World AIDS Day 2013: 15 Ways HIV Criminalization Laws Harm Us All

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Know the laws in your state that protect LBGT people and people living with HIV.
November 15, 2013
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Lambda Legal is working to eliminate criminal prosecutions that turn exclusively on a person’s HIV status.

Each day in the run-up to World AIDS Day, Lambda Legal is going to describe another way in which the HIV criminalization laws harm public health, result in unjust prosecutions, and serve primarily to stigmatize and oppress people living with HIV.

Check back daily to understand how these laws are doing more harm than good—and why Lambda Legal is working with public health advocates and others to reform them state by state.

Read our Ask Lambda Legal blog about HIV Disclosure.

Together we can create better public policies, ones that will keep us all healthy, happy and thriving!

These laws HARM PUBLIC HEALTH, because they...

1. Contradict public health messages regarding shared responsibility for safe sex, and create a false sense of security regarding a partner’s HIV status (“if s/he has HIV, s/he has to tell me”).
2. May actually reduce disclosure: if you might land in jail after telling someone your status, you may be disinclined to share that information, especially on the second (or later) encounter.
3. Alienate patients from care: information from healthcare providers is often used to prosecute, creating distrust in the provider-patient relationship and reducing opportunities for counseling.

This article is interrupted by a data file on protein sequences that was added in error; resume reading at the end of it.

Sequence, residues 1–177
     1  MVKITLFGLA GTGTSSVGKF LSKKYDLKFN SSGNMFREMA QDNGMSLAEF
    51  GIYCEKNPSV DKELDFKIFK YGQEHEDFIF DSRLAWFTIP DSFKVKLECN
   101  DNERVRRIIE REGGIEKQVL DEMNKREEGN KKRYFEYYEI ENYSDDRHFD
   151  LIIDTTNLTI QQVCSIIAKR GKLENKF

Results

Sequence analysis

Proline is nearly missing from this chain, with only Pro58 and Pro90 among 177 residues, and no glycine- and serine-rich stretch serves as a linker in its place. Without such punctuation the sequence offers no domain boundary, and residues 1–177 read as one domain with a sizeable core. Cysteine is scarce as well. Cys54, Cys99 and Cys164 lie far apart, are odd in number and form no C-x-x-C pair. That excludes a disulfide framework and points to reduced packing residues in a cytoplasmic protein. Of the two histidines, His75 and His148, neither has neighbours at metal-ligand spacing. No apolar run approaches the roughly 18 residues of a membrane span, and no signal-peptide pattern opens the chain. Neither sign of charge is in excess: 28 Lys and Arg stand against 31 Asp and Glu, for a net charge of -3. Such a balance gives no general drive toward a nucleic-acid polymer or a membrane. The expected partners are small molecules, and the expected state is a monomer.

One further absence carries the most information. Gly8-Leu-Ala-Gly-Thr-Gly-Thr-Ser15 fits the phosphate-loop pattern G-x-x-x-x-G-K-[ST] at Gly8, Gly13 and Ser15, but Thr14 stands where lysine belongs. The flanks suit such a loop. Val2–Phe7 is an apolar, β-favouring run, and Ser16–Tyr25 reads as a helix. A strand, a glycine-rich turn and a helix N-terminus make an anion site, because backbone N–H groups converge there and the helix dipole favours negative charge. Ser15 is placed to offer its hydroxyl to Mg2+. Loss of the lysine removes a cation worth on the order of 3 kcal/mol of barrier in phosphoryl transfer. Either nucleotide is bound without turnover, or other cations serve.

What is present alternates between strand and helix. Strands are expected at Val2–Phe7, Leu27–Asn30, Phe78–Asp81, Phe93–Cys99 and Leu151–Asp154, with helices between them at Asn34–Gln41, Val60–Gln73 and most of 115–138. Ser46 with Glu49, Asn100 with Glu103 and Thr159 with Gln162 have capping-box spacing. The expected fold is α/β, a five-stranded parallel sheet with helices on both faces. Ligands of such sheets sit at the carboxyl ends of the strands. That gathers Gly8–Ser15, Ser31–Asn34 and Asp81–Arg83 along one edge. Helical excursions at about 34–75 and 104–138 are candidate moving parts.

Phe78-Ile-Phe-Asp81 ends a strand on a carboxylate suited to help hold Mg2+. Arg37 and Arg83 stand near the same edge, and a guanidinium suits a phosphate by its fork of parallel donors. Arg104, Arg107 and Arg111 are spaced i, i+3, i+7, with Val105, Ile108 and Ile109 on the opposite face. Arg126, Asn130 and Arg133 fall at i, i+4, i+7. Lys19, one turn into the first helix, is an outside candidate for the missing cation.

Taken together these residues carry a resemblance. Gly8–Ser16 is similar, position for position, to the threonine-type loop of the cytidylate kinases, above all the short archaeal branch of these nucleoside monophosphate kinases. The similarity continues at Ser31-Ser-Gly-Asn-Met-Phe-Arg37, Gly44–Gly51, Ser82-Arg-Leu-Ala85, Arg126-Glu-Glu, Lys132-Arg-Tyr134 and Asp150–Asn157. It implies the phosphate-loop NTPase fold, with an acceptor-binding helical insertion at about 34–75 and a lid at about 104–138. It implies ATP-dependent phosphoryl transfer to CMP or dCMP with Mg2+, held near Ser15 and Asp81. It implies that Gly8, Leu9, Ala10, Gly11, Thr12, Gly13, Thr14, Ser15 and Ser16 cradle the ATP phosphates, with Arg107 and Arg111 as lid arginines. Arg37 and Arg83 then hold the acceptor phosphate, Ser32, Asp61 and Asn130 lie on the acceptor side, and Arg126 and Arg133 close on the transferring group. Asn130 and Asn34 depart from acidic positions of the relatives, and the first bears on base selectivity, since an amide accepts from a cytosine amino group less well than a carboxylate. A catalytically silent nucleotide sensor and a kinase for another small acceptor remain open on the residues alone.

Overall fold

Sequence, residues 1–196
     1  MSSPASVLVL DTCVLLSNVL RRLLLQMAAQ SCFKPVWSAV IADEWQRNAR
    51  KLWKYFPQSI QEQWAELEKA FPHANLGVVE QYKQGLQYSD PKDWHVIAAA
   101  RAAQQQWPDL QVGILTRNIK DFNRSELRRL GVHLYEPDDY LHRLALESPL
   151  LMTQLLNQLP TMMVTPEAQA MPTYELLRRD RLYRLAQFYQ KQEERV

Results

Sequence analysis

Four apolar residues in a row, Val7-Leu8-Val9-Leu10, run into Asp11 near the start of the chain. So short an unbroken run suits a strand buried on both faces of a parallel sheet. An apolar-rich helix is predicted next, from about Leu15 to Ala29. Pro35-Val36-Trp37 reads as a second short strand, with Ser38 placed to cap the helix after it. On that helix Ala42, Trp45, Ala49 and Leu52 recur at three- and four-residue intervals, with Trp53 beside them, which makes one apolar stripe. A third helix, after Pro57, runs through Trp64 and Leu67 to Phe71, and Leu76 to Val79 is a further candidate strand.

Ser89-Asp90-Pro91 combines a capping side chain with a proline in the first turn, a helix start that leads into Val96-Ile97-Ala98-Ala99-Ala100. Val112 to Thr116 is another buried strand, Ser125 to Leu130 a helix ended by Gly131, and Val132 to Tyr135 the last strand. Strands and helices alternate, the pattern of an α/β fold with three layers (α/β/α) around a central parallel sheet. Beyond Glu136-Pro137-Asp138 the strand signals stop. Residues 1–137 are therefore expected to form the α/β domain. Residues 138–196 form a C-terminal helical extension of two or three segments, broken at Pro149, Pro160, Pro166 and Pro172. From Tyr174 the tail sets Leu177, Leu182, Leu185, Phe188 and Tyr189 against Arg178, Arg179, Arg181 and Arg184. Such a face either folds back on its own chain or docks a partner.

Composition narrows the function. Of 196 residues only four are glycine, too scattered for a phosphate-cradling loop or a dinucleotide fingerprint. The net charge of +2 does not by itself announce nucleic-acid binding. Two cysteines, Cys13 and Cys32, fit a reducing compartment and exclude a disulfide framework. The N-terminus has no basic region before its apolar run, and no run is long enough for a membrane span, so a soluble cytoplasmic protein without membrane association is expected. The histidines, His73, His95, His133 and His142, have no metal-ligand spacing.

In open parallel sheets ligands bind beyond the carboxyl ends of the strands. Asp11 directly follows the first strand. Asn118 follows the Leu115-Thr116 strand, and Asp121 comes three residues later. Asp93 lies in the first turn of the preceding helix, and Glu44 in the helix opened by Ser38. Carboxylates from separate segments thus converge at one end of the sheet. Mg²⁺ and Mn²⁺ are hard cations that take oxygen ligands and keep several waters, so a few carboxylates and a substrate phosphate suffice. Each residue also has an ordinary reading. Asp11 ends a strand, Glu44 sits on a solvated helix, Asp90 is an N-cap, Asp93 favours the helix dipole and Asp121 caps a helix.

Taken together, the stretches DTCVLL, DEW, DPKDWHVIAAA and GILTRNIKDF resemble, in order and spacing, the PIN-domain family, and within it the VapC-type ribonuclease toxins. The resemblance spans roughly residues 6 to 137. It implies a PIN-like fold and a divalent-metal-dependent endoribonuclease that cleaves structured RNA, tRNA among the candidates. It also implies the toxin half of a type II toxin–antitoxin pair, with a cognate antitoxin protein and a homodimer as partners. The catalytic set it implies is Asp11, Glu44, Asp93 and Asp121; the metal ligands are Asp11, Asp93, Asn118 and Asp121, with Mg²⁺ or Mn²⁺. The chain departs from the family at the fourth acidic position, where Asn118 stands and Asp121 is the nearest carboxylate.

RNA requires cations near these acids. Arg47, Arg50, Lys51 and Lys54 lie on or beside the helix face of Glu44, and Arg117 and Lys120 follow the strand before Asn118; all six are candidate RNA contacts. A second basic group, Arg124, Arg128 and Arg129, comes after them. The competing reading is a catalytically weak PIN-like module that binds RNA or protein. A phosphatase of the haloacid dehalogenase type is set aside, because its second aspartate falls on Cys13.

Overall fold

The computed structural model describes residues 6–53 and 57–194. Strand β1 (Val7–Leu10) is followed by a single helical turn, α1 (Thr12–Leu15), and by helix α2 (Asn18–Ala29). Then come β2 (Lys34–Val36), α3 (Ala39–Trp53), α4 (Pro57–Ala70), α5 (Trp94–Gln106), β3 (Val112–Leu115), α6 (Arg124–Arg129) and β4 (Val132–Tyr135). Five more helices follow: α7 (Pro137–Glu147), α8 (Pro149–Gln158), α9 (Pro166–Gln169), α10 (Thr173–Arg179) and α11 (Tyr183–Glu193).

4. Don’t deter targeted behavior: no studies have shown they prevent the transmission of HIV.
5. Create a disincentive to HIV testing: if you don’t know your status, you can’t be prosecuted.

These laws result in UNJUST PROSECUTIONS because...

6. Intent to transmit is not required to prosecute, which means people are imprisoned who had no intent to harm anyone and did not, in fact, place their partner at any risk of transmission.
7. It is extremely difficult to prove disclosure, because such conversations most often take place in private and are not documented.
8. Convictions may be strongly influenced not only by jurors' moral disapproval of casual sexual encounters but also an incorrect assessment of the risks both sex partners assume in that circumstance.
9. These laws ignore the science: an undetectable viral load is as effective as condoms in preventing transmission, yet neither is incentivized under most of these laws; and in prosecutions involving allegations of transmission, the state need not prove the defendant was the source of infection.
10. The punishments are completely disproportionate to any purported harm, with lengthy jail terms imposed even in cases of no real risk of transmission and no actual injury of any kind.

These laws serve primarily to STIGMATIZE AND OPPRESS people living with HIV because...

11. Their existence can be used as a coercive tool by the HIV-negative partner, who may threaten a false accusation and/or arrest and imprisonment if the HIV-positive person doesn’t do as told.
12. They further oppress already marginalized populations: sex workers are made felons, and those whose immigration status is dependent on a clean criminal record are subject to deportation.
13. Confidentiality may be compromised:  nothing prevents a potential partner from telling whoever they want about the person’s HIV status, possibly leading to further stigma and illegal discrimination.
14. Convictions ruin individual lives: a felony conviction, followed by incarceration and then required registration as a “sex offender,” make it difficult to put one’s life back together.
15. These laws stigmatize ALL people with HIV: sensationalized media reports, which pay little attention to the details of an arrest or prosecution, and the supposed need for HIV-specific laws create the impression that every person living with HIV is a sexual deviant and likely predator.

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